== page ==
Quite frankly, it is very disappointing to me that the ancient behaviours associated with honour seem to have disappeared from our vocabulary. The principles associated with “doing the right thing” seem to have become subsidiary to the exigencies of a rapidly deteriorating society. In fact, we are at the very cusp of a society with no values, and our new word of common usage “respect” has become an all-inclusive answer without meaning.
“Good morning, how are you?” begets me an answer of “Respect, Daddy”. This in no way reassures me that the next interaction will not be a gunshot. If I do happen to be shot, how do I reconcile that with “respect”? It does not return my greeting, nor does it convey an interest in my well-being. It is an amorphous sound that really fails to further a social interchange. This is a new direction but not a path that is leading anywhere and cannot replace the understanding of honour.
In ancient Japan, the Bushido Code of the Samurai embraces some eight virtues: Rectitude or Justice; Courage; Benevolence or Mercy; Politeness; Honesty and Sincerity; Honour; Loyalty; Character; and Self-control. Yet, despite our attraction to watching endless “Kickers” movies the moral worth seems to elude us.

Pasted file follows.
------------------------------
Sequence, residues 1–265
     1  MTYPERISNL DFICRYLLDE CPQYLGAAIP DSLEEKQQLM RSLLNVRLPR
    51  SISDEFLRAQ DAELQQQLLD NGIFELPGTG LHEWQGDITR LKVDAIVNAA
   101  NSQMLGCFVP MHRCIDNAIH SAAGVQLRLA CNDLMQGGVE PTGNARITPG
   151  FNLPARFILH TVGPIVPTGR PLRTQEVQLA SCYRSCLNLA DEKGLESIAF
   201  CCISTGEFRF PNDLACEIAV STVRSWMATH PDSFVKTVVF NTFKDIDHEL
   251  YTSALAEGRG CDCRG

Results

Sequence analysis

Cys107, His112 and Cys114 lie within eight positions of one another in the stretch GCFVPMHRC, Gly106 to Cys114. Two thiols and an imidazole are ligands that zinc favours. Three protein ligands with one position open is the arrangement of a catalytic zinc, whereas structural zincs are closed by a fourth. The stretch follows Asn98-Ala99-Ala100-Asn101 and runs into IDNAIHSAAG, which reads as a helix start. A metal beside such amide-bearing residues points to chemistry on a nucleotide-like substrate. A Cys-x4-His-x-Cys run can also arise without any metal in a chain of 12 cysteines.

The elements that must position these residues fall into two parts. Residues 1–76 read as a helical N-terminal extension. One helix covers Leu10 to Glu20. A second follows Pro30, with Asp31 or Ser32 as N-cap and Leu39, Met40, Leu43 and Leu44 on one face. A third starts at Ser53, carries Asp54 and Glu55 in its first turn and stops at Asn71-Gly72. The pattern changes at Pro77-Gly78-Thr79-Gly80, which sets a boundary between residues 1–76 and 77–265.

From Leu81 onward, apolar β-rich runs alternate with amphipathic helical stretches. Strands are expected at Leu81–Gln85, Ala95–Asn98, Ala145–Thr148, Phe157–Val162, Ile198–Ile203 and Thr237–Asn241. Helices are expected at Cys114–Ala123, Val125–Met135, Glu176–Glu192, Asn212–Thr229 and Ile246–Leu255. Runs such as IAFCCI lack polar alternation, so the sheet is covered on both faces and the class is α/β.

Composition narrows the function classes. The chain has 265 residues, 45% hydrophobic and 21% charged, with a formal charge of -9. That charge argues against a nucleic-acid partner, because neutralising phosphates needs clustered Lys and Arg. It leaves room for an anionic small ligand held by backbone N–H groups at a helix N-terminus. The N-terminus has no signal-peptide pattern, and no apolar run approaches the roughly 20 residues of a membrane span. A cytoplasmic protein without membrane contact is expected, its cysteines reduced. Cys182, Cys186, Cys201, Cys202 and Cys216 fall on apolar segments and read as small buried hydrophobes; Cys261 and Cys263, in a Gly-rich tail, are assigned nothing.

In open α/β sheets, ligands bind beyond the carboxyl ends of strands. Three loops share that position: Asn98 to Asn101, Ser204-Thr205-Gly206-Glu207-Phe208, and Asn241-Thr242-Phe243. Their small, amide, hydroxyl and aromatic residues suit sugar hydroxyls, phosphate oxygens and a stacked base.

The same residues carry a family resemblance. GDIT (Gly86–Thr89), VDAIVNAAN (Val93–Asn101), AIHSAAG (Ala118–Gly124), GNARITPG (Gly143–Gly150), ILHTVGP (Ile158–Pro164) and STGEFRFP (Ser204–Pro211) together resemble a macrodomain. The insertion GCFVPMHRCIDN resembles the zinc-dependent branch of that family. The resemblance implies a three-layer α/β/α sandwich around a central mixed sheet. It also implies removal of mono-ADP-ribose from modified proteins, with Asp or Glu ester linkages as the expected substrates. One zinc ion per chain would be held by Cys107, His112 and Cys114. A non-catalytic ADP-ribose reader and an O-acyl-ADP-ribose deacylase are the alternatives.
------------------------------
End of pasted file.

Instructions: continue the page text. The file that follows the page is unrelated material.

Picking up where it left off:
Bartholomew “Black Bart” Roberts, a notorious Welsh pirate 1672-1722, had eleven rules or by-laws that were enforced for the smooth running of his ship. Henry Morgan had five by-laws but these were more related to division of spoils, and workmen compensation for “on the job injuries” and this latter still exists in some form in our labour laws and contracts. It is important to note that the latter of these two scoundrels was rewarded with a Knighthood and a Governorship (possibly for wicked and brutal service to the British monarchy).
The Knights Templar, other monks, and chivalric orders also developed their own codes and all seemed to value honour. The Code of Hammurabi 1755-1760 B.C. has influenced many laws over 3,000 years across the world. Finally, let us not forget the significance of the Ten Commandments on the development of orderly societies.
Let us fast-forward to our own time and think of whether we still have honour.
Mabey and Johnson (a British contractor) pleaded guilty to bribing officials in Jamaica and two other countries in a British Court. Five of eight directors of the company resigned and the company faced hefty charges.
In the 1950s two ministers of Government were charged and convicted viz. Joe Z. Malcolm, and his successor L.L. Simmonds. In the 1960s Minister of State Dr. Arthur Burt fled the island to avoid a Commission of Inquiry and possible legal charges. 1990 JAG Smith, Minister of Labour, was found guilty and received five years at hard labour. Currently it is reported that some legal actions are underway regarding Ruel Reid.
Article & Photo from: Public Opinion